Reviews by Pulpophile

The Man Who Evolved

by Edmond Hamilton

Augh! We're all going to be giant brains on the floor! Make it stop! Can't anyone make evolution stop!?!

No. But Edmond Hamilton can make it accelerate to a rate of fifty million evolutionary years for every fifteen minutes under the ill-conceived cosmic-ray lens. I've read a handful of Mr. Hamilton's stories, and I love their rough-cut disconnection from reality, especially the, uh, "science" part of reality. It seems that Hamilton did not let his tenuous grasp of any field of inquiry stand between him and a good yarn. I read this story when I was a kid (in Isaac Asimov's anthology The Golden Years, I think), and it made a big impression. I still think it's a lot of fun, with a few Gothic elements, including the complete destruction of the unholy site of the events and a survivor who ends up giggling mad in a sanitarium.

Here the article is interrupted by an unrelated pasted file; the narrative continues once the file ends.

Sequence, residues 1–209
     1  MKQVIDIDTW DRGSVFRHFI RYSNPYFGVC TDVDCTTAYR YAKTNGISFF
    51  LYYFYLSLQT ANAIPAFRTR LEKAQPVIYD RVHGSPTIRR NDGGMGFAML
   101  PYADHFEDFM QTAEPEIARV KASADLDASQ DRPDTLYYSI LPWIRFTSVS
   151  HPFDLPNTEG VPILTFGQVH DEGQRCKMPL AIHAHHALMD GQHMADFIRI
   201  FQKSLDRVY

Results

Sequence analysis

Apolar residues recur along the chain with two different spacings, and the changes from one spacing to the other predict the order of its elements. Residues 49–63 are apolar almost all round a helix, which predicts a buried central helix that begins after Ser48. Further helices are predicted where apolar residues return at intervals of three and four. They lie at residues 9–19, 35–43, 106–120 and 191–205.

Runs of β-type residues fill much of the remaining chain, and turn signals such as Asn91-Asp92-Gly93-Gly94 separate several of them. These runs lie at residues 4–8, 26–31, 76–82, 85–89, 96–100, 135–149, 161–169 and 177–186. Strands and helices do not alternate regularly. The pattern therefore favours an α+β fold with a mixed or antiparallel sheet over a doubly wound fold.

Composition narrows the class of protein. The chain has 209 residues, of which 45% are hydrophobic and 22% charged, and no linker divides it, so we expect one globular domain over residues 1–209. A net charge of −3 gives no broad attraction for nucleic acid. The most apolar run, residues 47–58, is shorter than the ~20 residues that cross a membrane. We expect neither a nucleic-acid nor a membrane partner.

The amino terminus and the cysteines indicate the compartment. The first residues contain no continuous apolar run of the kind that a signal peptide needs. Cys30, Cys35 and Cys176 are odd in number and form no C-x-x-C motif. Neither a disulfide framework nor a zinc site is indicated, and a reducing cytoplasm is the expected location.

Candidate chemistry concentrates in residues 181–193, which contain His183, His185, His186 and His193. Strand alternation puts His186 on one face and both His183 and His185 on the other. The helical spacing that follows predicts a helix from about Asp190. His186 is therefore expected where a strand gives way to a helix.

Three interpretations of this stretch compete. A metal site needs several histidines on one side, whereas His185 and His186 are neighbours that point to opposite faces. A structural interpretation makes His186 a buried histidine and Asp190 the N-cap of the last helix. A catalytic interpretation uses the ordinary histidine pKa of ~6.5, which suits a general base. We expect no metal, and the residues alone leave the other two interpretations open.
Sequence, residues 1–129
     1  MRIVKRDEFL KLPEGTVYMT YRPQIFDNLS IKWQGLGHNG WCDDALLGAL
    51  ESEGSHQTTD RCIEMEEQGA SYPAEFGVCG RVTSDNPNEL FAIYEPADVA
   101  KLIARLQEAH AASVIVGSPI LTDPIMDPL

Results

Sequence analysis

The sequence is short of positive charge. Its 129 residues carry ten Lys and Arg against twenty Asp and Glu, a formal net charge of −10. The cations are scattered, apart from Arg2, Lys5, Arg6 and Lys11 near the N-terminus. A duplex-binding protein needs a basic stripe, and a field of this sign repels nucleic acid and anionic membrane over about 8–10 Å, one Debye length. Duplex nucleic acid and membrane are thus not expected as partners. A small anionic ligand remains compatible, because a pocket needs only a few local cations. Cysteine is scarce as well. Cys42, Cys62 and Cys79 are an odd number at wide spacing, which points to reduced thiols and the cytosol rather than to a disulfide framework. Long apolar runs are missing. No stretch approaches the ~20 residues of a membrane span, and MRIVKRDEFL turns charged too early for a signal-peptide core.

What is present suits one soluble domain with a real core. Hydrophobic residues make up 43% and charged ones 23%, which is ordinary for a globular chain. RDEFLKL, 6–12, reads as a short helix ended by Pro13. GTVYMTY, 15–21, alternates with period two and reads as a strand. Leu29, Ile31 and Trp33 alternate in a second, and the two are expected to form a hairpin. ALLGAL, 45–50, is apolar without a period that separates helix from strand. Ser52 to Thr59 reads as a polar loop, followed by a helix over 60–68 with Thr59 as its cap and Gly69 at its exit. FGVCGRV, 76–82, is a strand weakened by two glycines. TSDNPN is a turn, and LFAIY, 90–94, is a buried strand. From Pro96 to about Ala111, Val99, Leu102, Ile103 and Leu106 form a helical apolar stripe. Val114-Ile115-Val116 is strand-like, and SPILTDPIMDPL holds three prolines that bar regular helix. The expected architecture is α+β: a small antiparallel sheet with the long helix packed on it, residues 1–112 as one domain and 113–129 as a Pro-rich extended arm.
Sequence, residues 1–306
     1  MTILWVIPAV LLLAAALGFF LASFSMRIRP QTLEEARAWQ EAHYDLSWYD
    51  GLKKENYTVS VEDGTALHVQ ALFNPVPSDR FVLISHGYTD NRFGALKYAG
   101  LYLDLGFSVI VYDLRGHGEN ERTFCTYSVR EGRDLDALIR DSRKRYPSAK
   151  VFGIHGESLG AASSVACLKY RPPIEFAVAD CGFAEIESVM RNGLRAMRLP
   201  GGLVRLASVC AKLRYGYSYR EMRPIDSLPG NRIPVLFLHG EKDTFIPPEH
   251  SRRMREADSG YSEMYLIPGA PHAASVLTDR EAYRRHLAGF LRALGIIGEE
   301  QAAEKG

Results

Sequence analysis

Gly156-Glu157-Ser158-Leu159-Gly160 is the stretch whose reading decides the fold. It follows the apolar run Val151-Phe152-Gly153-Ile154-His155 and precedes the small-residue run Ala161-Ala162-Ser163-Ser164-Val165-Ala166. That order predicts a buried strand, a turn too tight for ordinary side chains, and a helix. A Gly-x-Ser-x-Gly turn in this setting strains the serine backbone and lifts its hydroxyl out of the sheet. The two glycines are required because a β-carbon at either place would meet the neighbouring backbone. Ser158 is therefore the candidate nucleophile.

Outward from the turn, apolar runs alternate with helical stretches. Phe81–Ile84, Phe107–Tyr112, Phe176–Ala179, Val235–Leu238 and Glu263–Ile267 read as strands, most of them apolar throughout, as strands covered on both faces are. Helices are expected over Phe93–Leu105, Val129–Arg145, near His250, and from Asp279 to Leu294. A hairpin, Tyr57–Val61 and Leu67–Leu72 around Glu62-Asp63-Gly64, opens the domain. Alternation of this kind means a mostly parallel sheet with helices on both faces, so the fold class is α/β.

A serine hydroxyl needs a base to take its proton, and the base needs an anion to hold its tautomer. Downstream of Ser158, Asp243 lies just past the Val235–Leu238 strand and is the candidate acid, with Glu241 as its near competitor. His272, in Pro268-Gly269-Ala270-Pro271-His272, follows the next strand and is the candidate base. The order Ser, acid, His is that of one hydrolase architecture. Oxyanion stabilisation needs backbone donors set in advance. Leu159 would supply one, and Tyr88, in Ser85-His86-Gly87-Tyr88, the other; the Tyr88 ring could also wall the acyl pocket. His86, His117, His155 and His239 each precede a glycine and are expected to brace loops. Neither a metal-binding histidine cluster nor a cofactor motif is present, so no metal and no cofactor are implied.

Reviewed on 2009.01.18

The Raid on the Termites

by Paul Ernst

A fine adventure in the pulp tradition. Reminiscent of H.G. Wells's First Men in the Moon, but without the commentary on society. Interesting to note that the author, writing fully in the mindset of the time, did not grant the queen of the termites her rightful authority. As far as he was concerned, if there was a big brain running the termite society, it would have to be a guy.

Reviewed on 2009.01.18

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